Lakewood Courtesy Busing Debate Continues [AUDIO]
A protest by those upset over the decision to cut courtesy busing in Lakewood comes to an end Thursday, but the issue is far from decided.
Parents of private and public students in Lakewood jammed the streets driving their children to school, as a form of protest against a state monitor's recent decision to save $4 million by eliminating busing for the 2014-2015 school year. The cut applies to students in grades four through 12 living within 2.5 miles of schools.
The act was meant to demonstrate how congested streets would be if the cut is allowed to take place.
"If in fact this is not an issue that is cleared up, if there is no resolution to the continuation of courtesy busing next year, then I believe this could become the norm," said Lakewood committeeman Steven Langert.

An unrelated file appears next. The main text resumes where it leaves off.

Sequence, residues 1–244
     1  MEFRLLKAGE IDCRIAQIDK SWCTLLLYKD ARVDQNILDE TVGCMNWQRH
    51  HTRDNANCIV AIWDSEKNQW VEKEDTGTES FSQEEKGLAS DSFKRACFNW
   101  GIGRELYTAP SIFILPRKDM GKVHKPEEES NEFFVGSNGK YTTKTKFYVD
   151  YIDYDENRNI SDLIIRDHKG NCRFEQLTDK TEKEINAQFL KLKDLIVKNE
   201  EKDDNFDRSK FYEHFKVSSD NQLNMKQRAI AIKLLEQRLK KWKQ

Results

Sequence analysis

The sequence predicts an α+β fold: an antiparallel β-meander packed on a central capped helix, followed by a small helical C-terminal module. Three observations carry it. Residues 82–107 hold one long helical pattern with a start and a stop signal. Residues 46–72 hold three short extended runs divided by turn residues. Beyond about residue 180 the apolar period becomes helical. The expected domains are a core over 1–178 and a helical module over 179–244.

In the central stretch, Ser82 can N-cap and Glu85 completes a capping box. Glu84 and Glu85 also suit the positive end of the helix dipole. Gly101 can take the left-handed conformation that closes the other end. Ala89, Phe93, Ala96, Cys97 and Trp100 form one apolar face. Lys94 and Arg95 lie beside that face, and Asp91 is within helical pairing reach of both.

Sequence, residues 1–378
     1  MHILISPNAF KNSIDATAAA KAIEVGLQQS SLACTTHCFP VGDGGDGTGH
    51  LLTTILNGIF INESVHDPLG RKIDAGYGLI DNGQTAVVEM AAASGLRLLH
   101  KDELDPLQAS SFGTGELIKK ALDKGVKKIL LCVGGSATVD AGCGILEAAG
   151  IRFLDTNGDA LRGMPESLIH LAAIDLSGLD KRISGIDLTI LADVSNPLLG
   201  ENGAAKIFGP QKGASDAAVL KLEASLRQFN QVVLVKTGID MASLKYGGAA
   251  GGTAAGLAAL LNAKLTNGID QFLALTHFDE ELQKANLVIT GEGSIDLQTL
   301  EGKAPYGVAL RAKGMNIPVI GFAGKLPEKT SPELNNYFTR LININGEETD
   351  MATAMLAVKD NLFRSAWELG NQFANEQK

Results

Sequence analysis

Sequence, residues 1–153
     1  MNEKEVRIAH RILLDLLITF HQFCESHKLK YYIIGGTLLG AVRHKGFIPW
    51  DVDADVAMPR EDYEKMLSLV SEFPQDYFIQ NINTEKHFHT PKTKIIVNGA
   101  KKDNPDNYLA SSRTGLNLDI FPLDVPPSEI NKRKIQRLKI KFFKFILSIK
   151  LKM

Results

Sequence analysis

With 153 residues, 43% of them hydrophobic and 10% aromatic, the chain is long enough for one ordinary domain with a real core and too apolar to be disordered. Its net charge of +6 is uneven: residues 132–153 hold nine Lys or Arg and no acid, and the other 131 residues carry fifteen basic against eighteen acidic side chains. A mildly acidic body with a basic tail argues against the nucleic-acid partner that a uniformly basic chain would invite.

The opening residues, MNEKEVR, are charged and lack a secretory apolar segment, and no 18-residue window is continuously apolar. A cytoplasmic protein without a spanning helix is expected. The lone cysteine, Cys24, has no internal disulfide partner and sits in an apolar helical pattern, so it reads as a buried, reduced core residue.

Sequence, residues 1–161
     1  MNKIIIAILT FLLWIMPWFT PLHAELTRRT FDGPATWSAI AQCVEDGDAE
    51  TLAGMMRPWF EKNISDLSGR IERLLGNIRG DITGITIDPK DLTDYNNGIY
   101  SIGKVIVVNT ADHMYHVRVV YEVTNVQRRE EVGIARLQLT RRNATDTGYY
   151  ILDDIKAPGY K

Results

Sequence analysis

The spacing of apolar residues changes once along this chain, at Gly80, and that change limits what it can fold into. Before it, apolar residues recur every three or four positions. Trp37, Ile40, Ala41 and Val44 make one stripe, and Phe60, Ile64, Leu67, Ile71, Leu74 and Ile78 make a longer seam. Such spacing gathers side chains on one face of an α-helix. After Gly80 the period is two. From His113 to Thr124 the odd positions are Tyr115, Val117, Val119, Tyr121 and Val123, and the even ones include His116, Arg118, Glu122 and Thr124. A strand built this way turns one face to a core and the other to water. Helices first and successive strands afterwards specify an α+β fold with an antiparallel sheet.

A state monitor was called after Lakewood's school district faced budget shortfalls over the last school year. School district president Isaac Zlatkin has expressed interest in finding a way to raise the money needed to preserve the program.
Neither Lakewood school superintendent Laura Winters nor any member of the school board returned phone calls requesting comments on the situation.
While the township operates a budget completely separate from the school district, Langert said the additional traffic woes from the lack of courtesy busing would inconvenience all motorists and possibly force officials to shift police assignments to coordinate traffic flow.
Numerous other school districts have eliminated courtesy busing as a means to save money. However, unlike other districts, Langert said the majority of Lakewood's students attend private school, and many of the residents have come to rely on busing.
"This is at least one service they can get for the taxes that they pay," Langert said.